It’s time for our next installment of Hair Care 101. This time we are going to talk about another essential element in our healthy hair routine. This element is especially beneficial for styling, protecting, and nourishing the driest and kinkiest of strands…BUTTERS! Now don’t get me wrong, there are a variety of natural butters available and they can have benefits for all skin and hair types, not just very kinky textures. The key is to inform yourself about the different types of butters available, do your own DIY trial and error, and learn to use judicious amounts depending on your hair’s texture.
All-natural butters are great sources of antioxidants (vitamin E), UV protection, fatty acids, and conditioning and moisture retaining properties! Most blend well with a variety of carrier/natural oils and essential oils. For a creamier and lighter formulation, try adding some aloe vera (gel or juice) to your recipe. Of note, if you do add an aqueous solution to your butter, or any oil based formula for that matter, without a preservative the shelf-life of your product will shorten tremendously. Due to this factor, you will need to refrigerate your project in-between use and throw it away after a few weeks!
If this is your first time mixing, I would suggest sticking with this simple formula:
1 cup butter
1/4 to 1/2 cup oil
3-5 drops essential oil
The total amount of oil will largely depend on the type you are using, but it’s always safest to start with 1/4 cup and add additional amounts until you reach your desired consistency. Typically, I will use larger amounts with coconut oil and smaller amounts with other carrier oils. Lavender, Rosemary and Peppermint are easy essential oil picks to add spa-like fragrance to your butter recipes.
As your expertise grows, you can check out adding other all-natural and beneficial ingredients to your DIY butter. Otherwise, you can use these ingredients as stand alone additions for your hair care routine. Check out the links below for more information about these additional key elements:
Click here to see the previous installment of Hair Care 101: NATURAL OILS
Click here to see the previous installment of Hair Care 101: HUMECTANTS
Avocado butter is obtained from the fruit of the Avocado tree, Persea Gratissima. It is created from the fruit oil through a hydrogenation process that yields an exquisitely soft, supple, yellow-green butter with great melting properties that make it excellent for blending with other ingredients. This butter has a very mild scent that allows your blended essential oil fragrance to easily stand out. Packed full of fatty acids, avocado butter is very soft and moisturizing, it can even be used without added ingredients for your hair and skin care needs!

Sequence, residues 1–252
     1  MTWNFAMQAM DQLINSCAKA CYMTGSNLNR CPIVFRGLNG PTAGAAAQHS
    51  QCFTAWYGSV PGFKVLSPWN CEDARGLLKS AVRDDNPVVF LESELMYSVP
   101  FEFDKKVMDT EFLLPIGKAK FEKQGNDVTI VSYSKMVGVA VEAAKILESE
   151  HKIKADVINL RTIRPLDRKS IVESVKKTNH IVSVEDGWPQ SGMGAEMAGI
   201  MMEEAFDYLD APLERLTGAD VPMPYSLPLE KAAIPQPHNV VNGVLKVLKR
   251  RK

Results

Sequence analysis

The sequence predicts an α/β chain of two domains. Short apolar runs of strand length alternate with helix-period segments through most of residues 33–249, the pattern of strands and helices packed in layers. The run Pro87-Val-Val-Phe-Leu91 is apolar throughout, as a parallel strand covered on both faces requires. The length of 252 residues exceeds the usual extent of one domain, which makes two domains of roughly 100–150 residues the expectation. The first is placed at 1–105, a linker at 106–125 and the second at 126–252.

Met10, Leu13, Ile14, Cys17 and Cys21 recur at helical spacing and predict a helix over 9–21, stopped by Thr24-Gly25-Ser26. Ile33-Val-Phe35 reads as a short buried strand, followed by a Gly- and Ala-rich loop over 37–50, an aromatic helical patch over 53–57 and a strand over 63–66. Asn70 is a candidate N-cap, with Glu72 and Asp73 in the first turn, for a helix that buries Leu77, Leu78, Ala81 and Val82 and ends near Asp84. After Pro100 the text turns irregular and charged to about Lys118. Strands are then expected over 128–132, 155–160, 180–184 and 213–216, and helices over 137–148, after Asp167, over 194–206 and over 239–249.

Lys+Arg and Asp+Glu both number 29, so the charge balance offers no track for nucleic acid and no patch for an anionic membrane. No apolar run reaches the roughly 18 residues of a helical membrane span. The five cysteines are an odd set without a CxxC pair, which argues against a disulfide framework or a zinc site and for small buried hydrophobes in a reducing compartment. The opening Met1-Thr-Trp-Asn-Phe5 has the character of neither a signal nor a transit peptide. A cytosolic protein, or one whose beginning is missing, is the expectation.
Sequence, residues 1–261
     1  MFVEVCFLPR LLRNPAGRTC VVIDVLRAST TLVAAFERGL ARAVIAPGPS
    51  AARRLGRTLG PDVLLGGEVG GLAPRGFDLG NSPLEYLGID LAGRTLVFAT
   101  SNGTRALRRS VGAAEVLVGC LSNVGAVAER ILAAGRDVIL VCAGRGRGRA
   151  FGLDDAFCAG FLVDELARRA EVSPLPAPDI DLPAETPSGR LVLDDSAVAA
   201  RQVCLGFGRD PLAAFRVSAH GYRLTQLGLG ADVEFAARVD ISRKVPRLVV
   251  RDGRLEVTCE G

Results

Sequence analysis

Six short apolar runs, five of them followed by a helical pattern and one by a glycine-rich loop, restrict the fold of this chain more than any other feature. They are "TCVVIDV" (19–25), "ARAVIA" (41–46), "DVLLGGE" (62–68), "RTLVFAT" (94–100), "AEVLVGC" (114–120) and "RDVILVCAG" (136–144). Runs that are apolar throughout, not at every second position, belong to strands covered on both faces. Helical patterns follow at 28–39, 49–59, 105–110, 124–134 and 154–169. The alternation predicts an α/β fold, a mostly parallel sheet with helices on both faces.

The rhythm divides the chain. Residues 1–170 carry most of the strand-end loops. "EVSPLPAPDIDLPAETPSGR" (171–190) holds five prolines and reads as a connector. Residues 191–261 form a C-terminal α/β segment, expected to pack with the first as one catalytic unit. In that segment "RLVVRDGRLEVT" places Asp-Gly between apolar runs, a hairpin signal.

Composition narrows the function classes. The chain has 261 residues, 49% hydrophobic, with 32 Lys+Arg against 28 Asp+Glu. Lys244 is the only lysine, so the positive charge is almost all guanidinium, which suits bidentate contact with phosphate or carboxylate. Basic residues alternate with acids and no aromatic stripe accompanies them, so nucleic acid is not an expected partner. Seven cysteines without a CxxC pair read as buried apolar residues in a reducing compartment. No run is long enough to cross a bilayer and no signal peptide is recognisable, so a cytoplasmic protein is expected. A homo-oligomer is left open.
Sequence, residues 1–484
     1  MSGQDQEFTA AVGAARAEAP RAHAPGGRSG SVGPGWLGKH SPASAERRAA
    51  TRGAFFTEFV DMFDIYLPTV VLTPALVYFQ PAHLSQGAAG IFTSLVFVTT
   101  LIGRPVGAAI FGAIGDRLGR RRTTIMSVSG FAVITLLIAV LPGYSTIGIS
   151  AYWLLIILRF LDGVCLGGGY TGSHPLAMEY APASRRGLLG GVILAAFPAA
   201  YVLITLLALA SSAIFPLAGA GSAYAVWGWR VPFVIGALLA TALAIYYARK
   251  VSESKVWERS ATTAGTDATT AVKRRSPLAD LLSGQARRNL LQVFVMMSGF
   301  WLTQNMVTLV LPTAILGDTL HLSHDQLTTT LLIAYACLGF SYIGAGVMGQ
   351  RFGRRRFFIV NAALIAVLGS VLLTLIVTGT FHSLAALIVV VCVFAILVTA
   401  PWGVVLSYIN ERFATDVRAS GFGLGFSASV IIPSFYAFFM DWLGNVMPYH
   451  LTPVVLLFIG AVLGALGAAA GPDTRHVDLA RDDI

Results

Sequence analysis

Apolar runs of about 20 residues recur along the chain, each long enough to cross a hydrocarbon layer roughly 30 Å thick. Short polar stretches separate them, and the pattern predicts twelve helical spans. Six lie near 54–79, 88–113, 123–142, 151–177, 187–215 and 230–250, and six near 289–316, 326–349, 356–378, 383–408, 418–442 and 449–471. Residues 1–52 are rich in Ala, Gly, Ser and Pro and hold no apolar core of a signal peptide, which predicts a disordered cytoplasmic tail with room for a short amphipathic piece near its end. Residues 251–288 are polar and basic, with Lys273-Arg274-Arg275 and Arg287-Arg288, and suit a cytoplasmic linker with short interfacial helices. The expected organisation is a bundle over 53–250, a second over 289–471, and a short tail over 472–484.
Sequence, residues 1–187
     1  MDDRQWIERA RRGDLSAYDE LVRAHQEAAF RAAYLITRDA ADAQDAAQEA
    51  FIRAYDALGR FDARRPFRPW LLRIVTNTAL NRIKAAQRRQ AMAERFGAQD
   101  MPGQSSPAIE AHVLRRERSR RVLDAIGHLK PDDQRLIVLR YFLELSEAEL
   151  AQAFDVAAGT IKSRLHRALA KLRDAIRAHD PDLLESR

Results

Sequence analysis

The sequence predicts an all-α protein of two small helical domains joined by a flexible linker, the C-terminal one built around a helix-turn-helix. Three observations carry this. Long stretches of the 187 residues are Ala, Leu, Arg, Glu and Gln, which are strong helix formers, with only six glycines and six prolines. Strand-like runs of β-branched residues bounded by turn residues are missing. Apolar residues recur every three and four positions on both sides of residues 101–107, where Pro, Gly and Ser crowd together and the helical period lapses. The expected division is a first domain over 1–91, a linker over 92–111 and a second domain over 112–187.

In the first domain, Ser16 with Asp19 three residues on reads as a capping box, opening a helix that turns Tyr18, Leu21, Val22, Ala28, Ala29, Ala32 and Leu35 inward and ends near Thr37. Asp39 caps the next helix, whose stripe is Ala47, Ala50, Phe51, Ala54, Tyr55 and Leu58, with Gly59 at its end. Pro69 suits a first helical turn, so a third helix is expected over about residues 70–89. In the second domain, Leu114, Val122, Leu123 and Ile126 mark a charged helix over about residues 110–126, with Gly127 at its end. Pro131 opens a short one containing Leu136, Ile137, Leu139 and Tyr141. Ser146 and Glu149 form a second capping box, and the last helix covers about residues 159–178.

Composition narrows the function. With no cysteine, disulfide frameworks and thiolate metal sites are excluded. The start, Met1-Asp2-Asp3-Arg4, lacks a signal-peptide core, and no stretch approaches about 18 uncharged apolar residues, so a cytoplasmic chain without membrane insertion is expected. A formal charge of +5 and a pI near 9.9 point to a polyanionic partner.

Cocoa butter is obtained from the fatty seeds of the Cocoa or Cacao tree, Theobroma Cacao. It is created from cocoa beans which are fermented, roasted, and separated from their hulls. The remaining residue is the cocoa butter which is pressed into a paste and has a pale-yellow color. It is more odoriferous and will naturally add a scent to your end product. This is a thick butter that can help soften and seal in moisture for dry skin and hair.
Cupuacu butter is obtained from the fruit of the Cupuacu tree, Theobroma Grandiflorum, which is found in the Amazon basin and related to the Cocoa tree. This is a pale butter with a slightly sweet fragrance. It’s known for its extreme water absorption and retention properties, reported to exceed that found in Shea butter! It has also been likened to lanolin due to its emollient properties.
Shea butter is extracted from the nut of the Shea tree, Vitellaria Paradoxa. There are several steps involved in the preparation of this butter: separating the nut from its hard outer shell, crushing, roasting, and then grinding the nuts to form a paste. Finally the paste’s oil is separated by adding water, heated, then shaped. It has an ivory hue and a strong nutty scent that may alter the fragrance of your product! This heavy butter is excellent for sealing moisture and protecting very dry skin and hair. However, for some it may feel too heavy with a tendency to just sit on top of the hair. Use judiciously!
Aloe vera butter is an extraction of the succulent plant Aloe vera, Aloe Barbadensis, using the fatty fraction of coconut oil to create a super soft butter that simply melts onto skin. Due to its aloe properties, it’s excellent for soothing an inflamed, dry, or irritated scalp. Also, both aloe and coconut are excellent for adding moisturizing hydration to dry or damaged tresses. It does not have a strong scent, making it easy to blend with essential oils and other fragrances. It’s also not overly heavy and both coconut and aloe have great penetrating properties, allowing it to blend well into the hair and scalp without weighing it down.
Kokum butter is derived from the seeds of the Kokum tree, Gacrinia Indica. This is a naturally white butter with a uniform triglyceride profile often making it a substitute for cocoa butter. It’s typically considered to be a “hard” butter and is best used with other ingredients to improve softness and pliability. It also has a mild to non-existent odor.
Mango butter is pressed from the seed kernels of the Mango tree, Mangifera Indica. It’s similar to Shea butter and Cocoa butter but with a slightly higher fatty acid composition giving it added moisture boosting properties. Mango butter has a slightly sweet scent and a creamy coloration.
Murumuru butter is extracted from the seeds of the Murumuru palm tree, Astrocaryum Murumuru, native to the Amazon rainforest. It is naturally a white butter that is near odorless. This butter is highly emollient and has the tendency to form a glossy film that is naturally protective for moisture retention. Its quality is similar to coconut oil, and by some accounts, even more moisturizing!
Great online sources to find and comparison price these butters include: